On the Road, a new window on Claremont
by John Pixley
It turned out that Emma was taking us the long way. What should have been a 17-minute trip ended up taking 45 minutes. There were an awful lot of right and left turns, coming one right after the other, and we found ourselves driving on the same roads and the same highway several times. After a while, Reginald joined in but he basically gave the same directions.
Not to worry, though. My two friends and I had left early, so we weren’t late. Instead of being super-early and perhaps rude, we were right on time. What’s more, all those right turns and left turns were quite lovely, bringing us down quiet roads lined with beautiful trees and charming cottages or through golden fields dotted with livestock and storybook barns. Each turn was lovelier than the last, and seeing the same roads several times was no problem.
Even the highway was attractive, more like a verdant main road rolling over the hills than a state thoroughfare, easy on the eyes during our repeat jaunts on it. But there was a problem—we were lost. We had no idea how to get to where we were going and were going around in circles. It was hard not to panic, especially with the phones and GPS guides—affectionately dubbed Emma and Reginald, the latter of whom is a bit more bossy, only giving directions without the street names (“Now turn right”)—losing their connection or running out of power.
It turns out that Grass Valley and Nevada City, mashing up seamlessly along Highway 49 in the rolling foothills northeast of Sacramento, are an awfully nice place to get lost, go in circles and even panic. For the last five or six years, I have been going to Grass Valley in mid-July to camp at a music festival at the Nevada County Fairgrounds. But it has been many more years since I took time to explore these “Gold Country” towns. And, ironically, I saw more of their neighborhoods on this misguided outing.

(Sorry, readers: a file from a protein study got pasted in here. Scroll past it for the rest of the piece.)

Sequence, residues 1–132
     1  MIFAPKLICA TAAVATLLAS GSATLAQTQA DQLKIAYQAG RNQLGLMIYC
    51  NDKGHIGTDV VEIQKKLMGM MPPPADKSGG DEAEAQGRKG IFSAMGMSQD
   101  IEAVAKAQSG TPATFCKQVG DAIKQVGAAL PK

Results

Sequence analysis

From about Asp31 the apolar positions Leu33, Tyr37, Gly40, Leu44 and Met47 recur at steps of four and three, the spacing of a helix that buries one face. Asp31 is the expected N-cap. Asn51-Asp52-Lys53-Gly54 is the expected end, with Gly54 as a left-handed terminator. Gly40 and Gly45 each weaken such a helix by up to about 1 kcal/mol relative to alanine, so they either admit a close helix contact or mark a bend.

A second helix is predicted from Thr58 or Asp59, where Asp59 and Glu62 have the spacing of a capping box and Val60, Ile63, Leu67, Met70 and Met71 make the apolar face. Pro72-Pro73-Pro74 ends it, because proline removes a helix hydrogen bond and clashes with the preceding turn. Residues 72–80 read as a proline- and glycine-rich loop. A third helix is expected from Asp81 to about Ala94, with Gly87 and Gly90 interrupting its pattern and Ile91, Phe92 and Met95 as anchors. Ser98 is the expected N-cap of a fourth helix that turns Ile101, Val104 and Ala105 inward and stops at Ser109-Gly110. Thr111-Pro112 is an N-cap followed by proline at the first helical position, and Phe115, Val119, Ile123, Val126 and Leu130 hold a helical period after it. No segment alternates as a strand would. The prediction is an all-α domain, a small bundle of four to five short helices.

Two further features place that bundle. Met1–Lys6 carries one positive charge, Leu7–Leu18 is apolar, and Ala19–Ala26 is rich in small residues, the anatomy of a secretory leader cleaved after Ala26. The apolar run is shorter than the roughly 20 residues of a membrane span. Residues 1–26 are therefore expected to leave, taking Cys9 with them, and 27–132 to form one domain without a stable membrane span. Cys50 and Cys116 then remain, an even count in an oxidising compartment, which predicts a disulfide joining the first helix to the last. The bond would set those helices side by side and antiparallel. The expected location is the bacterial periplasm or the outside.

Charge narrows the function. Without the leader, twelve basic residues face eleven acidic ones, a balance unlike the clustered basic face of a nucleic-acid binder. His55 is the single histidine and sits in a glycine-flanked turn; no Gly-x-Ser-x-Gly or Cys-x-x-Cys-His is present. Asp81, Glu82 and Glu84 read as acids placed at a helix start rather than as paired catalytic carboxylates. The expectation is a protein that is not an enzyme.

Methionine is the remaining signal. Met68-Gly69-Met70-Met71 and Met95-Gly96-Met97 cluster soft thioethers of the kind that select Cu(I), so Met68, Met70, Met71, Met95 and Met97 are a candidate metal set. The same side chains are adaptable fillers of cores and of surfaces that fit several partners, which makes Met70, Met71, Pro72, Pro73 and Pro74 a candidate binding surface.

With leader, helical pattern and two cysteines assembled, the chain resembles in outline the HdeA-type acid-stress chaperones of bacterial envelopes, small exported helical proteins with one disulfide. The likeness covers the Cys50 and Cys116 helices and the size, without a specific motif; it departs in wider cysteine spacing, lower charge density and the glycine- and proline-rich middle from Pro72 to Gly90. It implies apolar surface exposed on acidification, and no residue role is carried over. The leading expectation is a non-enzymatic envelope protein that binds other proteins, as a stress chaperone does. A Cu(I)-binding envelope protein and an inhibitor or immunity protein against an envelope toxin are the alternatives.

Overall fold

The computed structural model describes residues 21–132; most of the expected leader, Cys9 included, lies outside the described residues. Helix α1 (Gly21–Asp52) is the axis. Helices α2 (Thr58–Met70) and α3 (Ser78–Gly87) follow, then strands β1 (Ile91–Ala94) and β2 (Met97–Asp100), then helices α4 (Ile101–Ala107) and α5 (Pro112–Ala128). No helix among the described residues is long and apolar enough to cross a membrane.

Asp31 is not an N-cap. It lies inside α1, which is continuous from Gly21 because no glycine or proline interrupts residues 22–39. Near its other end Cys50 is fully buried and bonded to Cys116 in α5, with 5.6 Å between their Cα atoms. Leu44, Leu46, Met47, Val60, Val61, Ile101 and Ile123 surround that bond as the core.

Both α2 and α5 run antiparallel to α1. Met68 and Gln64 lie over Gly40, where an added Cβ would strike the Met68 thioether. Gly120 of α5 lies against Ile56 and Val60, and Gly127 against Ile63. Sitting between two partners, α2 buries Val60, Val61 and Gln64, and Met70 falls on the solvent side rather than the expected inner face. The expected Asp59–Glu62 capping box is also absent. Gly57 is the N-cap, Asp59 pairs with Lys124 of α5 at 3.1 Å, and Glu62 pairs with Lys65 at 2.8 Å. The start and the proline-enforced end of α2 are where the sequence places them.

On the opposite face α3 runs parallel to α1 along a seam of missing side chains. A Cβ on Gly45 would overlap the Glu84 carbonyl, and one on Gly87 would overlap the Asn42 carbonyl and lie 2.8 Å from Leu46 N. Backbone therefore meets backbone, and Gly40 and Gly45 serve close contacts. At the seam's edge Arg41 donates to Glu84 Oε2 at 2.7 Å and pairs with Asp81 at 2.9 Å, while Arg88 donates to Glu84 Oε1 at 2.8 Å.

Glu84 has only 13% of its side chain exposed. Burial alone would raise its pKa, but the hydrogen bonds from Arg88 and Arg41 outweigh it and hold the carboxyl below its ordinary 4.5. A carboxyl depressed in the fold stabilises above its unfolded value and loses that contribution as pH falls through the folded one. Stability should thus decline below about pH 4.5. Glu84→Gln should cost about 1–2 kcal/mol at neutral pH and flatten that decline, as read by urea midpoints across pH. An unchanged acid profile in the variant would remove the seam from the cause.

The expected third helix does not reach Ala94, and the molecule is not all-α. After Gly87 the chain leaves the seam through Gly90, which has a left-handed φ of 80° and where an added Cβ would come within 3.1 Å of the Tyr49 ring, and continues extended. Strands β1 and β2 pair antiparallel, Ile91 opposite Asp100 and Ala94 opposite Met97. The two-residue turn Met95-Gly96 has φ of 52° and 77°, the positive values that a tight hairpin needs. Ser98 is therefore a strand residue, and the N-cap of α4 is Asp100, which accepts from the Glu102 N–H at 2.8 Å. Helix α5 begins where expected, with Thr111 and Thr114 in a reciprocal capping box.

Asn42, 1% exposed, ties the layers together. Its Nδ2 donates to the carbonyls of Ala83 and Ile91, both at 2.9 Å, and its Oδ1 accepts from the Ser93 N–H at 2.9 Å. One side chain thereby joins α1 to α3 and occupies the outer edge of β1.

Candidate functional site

That’s the best thing about trips: the unexpected adventures when we see things that people don’t usually see, even when they spend time on a visit. That and meeting people and making new friends. My friends and I were enjoying both; we were on our way to visit someone I had met a week earlier at a meeting in Marin County.
It just so happened that my friends and I would be attending the music festival in Grass Valley. So we would be in his neighborhood (his neck of the woods) for a visit before heading back to Claremont via Lake Tahoe and Bishop. These sorts of unexpected side trips and stops are another bonus in traveling.
An additional bonus in this side trip was how it provided another view of Claremont. Yes, this little jaunt, getting lost and driving in circles in Grass Valley and Nevada City, opened a new window into our fair little city for me.
It made me appreciate Claremont even more and recognize how fair, how attractive, how beautiful and lovely our little city is. We always like to say how wonderful and unique Claremont is, but it turns out that’s more than wishful thinking or civic pride.
As I learned not long before this trip and mentioned in my last column, Claremont has been named by TheCultuTrip.com, a travel website, as one of the 10 most beautiful towns on the west coast. That’s not all, though. In this list, it is one of four—only four—towns in California. The other four include, yes, Nevada City, as well as Cambria and Mendocino.